The Nature of Us
is the debut album from Joel Ansett, an artist who strives to go beyond genres. By combining folk music with pop and rock and Rhythm and Blues, Ansett manages to create a vibrant sound that’s all his own.

The album starts out with “Kingdom Come,” a nice flowing RnB song that catches your attention right off the bat. The Nature of Us has a wonderful flow from one song to the next, with an overall theme of love to wrap it all up together nice and tidy. As the album progresses, the songs occasionally slow down and become a little bit more intimate. It sounds like Ansett made the The Nature of Us as a gift for someone he loved, and the songs become more intimate as the relationship between them grows more intimate. There’s also an underlying message of faith, which expands upon the meaning the listeners can draw from the songs as well.

The melodies are catchy and soothing all at the same time. You melt right into the different instruments and grooves, and sometimes you even groove along with them. There’s a variety of instruments that create these exceptionally vibrant melodies, but the most noticeable one is Ansett’s voice. It’s far from perfect, though it’s just skilled enough to catch you by surprise. He’s got a delightful control over it, never letting it choke out on him or get away from him too much. It’s very reminiscent of Andy Grammer or Oli Murs.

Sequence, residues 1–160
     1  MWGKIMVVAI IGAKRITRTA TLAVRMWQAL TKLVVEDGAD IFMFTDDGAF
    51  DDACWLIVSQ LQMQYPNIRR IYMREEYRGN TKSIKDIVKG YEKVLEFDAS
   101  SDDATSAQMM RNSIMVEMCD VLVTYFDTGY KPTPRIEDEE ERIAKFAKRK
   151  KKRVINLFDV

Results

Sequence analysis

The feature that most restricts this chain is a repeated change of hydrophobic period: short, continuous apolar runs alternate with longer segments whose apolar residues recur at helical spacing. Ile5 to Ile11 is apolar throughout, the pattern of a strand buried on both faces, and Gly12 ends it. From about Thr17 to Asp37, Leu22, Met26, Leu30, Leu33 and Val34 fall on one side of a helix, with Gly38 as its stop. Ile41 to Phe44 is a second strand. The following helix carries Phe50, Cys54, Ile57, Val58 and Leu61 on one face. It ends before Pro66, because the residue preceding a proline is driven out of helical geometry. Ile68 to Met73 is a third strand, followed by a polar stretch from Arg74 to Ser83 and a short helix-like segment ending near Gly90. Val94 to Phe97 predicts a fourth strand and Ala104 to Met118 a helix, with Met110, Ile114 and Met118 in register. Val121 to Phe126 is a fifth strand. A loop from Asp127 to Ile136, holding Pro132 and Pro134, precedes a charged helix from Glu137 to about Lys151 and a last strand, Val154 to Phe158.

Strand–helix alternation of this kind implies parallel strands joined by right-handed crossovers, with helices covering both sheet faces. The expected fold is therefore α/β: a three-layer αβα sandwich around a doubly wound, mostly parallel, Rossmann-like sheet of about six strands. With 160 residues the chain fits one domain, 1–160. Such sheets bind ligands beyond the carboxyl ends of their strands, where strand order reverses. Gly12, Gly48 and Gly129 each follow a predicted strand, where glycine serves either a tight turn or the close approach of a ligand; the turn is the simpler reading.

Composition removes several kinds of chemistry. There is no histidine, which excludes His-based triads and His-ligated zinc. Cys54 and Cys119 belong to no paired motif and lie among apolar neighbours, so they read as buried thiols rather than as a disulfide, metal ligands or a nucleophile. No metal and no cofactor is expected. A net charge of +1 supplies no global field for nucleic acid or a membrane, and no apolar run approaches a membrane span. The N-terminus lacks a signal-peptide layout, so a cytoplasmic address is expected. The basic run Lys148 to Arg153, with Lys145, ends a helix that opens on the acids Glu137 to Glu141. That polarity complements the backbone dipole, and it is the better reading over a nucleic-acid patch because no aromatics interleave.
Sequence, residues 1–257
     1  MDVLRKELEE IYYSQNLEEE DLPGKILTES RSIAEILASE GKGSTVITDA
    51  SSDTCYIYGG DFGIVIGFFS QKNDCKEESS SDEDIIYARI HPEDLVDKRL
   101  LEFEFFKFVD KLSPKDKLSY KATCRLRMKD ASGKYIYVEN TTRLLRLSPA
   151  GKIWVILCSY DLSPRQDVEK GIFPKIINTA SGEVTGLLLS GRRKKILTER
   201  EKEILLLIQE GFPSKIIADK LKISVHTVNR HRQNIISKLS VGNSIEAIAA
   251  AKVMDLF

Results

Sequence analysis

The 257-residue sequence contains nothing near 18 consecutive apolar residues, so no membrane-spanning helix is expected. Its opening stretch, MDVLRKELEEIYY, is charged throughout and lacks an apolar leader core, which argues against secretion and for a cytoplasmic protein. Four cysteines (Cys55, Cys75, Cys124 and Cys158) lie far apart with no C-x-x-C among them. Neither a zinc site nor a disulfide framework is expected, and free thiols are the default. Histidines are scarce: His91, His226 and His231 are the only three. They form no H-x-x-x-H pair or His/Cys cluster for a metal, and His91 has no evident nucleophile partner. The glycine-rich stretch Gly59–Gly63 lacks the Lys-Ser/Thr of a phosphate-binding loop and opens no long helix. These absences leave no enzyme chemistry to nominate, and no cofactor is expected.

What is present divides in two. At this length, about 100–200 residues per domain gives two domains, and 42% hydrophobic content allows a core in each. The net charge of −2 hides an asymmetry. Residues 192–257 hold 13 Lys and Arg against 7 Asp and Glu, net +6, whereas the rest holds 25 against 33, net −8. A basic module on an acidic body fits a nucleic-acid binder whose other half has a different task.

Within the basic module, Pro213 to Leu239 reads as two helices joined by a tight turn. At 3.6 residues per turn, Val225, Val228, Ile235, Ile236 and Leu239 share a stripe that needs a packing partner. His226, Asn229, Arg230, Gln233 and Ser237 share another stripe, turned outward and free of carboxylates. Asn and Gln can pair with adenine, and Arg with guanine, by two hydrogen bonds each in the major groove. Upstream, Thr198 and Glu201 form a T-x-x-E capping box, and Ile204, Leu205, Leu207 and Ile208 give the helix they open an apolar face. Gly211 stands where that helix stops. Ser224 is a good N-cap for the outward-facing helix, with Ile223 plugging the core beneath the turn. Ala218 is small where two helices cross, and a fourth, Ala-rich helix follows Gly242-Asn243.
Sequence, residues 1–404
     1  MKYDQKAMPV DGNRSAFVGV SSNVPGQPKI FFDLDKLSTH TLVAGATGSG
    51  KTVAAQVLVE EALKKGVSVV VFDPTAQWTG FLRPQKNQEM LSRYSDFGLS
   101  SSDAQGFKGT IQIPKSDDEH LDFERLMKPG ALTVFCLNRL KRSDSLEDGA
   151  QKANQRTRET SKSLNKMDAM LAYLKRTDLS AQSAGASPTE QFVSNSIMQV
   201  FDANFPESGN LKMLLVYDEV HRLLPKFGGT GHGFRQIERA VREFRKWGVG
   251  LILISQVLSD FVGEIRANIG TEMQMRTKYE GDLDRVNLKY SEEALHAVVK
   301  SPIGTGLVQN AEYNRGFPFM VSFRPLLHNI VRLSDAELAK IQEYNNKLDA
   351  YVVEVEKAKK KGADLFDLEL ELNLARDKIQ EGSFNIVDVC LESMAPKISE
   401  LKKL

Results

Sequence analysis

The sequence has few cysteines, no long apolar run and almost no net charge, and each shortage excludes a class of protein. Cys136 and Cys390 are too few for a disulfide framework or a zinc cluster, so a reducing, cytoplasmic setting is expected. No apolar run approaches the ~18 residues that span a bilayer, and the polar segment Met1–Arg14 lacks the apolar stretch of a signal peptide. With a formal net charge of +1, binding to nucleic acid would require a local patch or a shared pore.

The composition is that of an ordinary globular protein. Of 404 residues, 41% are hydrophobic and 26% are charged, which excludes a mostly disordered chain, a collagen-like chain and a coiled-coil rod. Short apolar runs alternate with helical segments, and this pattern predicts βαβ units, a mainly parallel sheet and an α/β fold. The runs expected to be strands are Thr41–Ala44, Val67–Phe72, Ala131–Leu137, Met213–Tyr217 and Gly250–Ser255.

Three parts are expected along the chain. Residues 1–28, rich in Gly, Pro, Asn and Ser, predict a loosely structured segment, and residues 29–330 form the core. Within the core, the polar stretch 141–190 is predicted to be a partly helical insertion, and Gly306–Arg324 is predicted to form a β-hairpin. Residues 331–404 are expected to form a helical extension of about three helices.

Sure you have all of the usual instruments that string together notes to make a song; guitar, percussions, etc. But occasionally, you’ll be swept off your feet by a gorgeous string section – like in “Tragedy Is Not the End.” The songs that stood out the most were the songs that combined these unexpected instrumentals with a unique melody; “Covered Up” being another one. In the end, no song sound alike on this album.

Joel Ansett makes his talent very apparent on The Nature of Us. He makes his debut with a bang. However, there is a tiny little flaw. On the softer, more acoustic sounding songs, you almost lose your attention on it. You don’t do it on purpose, and they don’t sound exactly the same, it’s just they start to run together because the songs themselves are about so much similar things. Instead of picking up where one song ends and the other begins, you lose track.

That shouldn’t distract from the beauty of this album. Ansett obviously has a talent, and he’s determined to make his musical dreams come true. He draws from other artists in his unique niche, like Allen Stone and Andy Grammer, and he’s at least trying to make his music all his own. The Nature of Us is the perfect start to what hopes to be a unique and long career.

Want to listen to The Nature of Us for yourself? You can get it on iTunes.